Coastal Paddling – Gear Up Part I
“The call of the sea is an incessant whisper; once it enters it never leaves. Though it is but a whisper; it’s as powerful as the ocean’s waves. Like the waves, its power is derived from its persistence.” – Jack Saylor
What follows is the first in a series of articles focused on coastal paddling seamanship (see the article entitled: Coastal Paddling – Intro to Seamanship). Future articles on a variety of marine related subjects will be forthcoming.
Paddling your kayak on the lake and down that slow moving river over the years has been a great form of recreation, but deep down you long for bigger waters and more adventure. You intuitively know that your kayak’s ancestors were designed for open water. The coast is calling, but before you take your kayaking to the next level you must understand that even the protected bays, sounds and estuaries are not just a bigger version of the local lake or river. The coastal paddling arena is a much more challenging and dynamic environment than the one you are use to. These differences are both natural and man-made. The savvy paddler needs more than good paddling skills. He also must be properly and legally prepared as well as possess a knowledge of the marine environment to which he is unaccustomed. While paddling on the coast, you will come under the jurisdiction of the United States Coast Guard. They have established federal regulations that your vessel is required to maintain. This article, entitled “Gear Up!”, focuses on choosing the right type of kayak for your coastal adventure and on the legally required safety equipment you are required to have on board.
Start with the Right Kayak – The first thing is to make sure that your kayak design is appropriate for the waters you will be traversing. While recreational kayaks might be OK for exploring a tidal creek through the salt marsh, it is not appropriate out in the open waters of a sound, bay, harbor or Intracoastal Waterway. The winds, waves, tidal currents, tide rips and wakes of large power vessels make the marine environment inappropriate for such recreational designs. More seaworthy is a hybrid, or better yet a true sea kayak which the paddler wears instead of just sits. A smaller cockpit, protected by a spray skirt, along with bulkheads fore and aft producing buoyancy chambers along with a narrower beam and longer waterline make this type of kayak safer in rough conditions and more efficient (faster) in tidal currents and head winds. Sit-on-top kayaks can also be used in this environment. They make excellent fishing or diving platforms and are more seaworthy than a recreational kayak.
Staying Safe and Staying Legal – The list that follows show the legally required items you must have as a paddler in coastal waters. The first bullet under each item is the link to the United States Coast Guard requirements. As you visit these links, please understand that these requirements cover a wide array of vessels. A kayak is considered a “vessel” under law, but because of our size and uniqueness, certain types of gear requirements fit us better than others. Therefore, the second bullet is what we at Great Outdoor Provision Co. recommend for you to meet that requirement. Let’s start with PFDs.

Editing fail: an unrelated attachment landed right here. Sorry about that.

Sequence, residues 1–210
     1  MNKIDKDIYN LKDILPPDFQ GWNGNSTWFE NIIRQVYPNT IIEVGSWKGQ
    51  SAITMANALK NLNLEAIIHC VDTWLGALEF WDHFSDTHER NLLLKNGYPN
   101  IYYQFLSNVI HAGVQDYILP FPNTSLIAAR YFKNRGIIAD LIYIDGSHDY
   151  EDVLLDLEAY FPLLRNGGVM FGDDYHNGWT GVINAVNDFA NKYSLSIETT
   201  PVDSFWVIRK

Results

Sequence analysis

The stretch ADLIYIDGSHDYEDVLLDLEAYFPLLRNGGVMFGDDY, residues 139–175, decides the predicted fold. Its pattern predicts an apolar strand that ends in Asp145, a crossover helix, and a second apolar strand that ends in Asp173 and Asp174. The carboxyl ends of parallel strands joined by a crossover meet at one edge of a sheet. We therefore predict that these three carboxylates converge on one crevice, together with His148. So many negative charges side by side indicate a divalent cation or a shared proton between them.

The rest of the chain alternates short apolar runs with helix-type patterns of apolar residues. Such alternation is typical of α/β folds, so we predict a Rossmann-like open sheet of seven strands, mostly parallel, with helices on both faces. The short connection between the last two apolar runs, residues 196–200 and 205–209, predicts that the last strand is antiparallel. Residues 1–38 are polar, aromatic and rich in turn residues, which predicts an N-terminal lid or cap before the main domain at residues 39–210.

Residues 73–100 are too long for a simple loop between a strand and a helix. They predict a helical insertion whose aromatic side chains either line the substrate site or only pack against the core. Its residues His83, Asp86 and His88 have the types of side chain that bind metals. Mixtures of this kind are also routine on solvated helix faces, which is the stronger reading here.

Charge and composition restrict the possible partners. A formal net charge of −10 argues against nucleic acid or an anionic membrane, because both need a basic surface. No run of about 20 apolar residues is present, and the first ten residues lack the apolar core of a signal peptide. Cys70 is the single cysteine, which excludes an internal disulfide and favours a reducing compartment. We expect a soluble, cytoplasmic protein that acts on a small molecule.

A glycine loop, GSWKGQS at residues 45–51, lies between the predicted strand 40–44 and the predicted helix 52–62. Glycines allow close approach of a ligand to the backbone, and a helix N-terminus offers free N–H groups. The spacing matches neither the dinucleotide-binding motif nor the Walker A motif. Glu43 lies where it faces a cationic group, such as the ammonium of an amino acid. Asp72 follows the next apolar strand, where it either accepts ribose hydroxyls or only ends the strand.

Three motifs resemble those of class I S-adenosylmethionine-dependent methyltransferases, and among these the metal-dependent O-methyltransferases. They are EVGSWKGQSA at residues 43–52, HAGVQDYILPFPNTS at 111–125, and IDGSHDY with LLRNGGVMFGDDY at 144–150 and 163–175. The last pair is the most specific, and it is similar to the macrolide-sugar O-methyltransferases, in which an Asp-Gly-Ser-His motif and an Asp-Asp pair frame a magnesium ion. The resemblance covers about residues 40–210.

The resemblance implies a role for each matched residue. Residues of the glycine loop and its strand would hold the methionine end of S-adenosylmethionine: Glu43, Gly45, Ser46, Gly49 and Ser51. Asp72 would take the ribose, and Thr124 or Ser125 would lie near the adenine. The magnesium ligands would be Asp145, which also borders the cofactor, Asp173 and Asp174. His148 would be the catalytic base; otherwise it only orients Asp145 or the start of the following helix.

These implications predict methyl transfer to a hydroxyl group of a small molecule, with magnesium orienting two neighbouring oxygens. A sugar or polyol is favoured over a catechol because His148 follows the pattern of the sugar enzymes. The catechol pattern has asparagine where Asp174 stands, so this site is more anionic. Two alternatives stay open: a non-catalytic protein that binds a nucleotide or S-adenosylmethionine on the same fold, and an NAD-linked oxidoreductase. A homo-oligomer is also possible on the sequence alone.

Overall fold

PFD – Personal Flotation Devices:
Great Outdoor Provision Co. recommends wearing a Type III PFD properly fitted, zipped, buckled and snug so it will not come off accidentally if you take an unexpected swim. Type III vests allow for unrestricted mobility while paddling without chaffing. The drawback to a Type III PFD is that it will not roll you over if you are face down or support your head if you are unconscious. Bright colors and reflective accents make you more visible to other boaters. Pockets allow you to carry essentials on your person. >>PFD Selection
Sound Producing Devices:
Great Outdoor Provision Co. recommends a whistle without a pea that is made for marine use. These whistles can be attached to your PFD. When loaded with water, they clear easily and make a loud blast.
Great Outdoor Provision Co. recommends a simple waterproof flashlight or headlamp and/or mounting a 360 degree white light, like the ACR C Light on your kayak. These light(s) must be on board and in working order even if you are not underway at night.
Visual Distress Signals (VDS):
Great Outdoor Provision Co. recommends carrying at least 2 USGC approved aerial flares (parachute or meteor) and 1 handheld flare to meet both day/night use requirements when plying coastal waters. Orion SkyBlazer Aerial and Handheld Locator Flares make good choices for coastal paddlers. Paddlers venturing into more remote areas should also consider longer lasting signaling devices such as USGC approved Flags, Parachute Aerial Flares or Electric Distress Signals.
Since your kayak is considered a “vessel” under federal law, the information above should help you meet the legal requirements for gear on board. For more information see this website and its links:
These “required” items are only a few of the safety items you will want to have on board. In a future article I will present other safety items that would prove useful should your kayak capsize and you go for a “swim”.
Read More in our Coastal Paddling Series
by Bill Mauney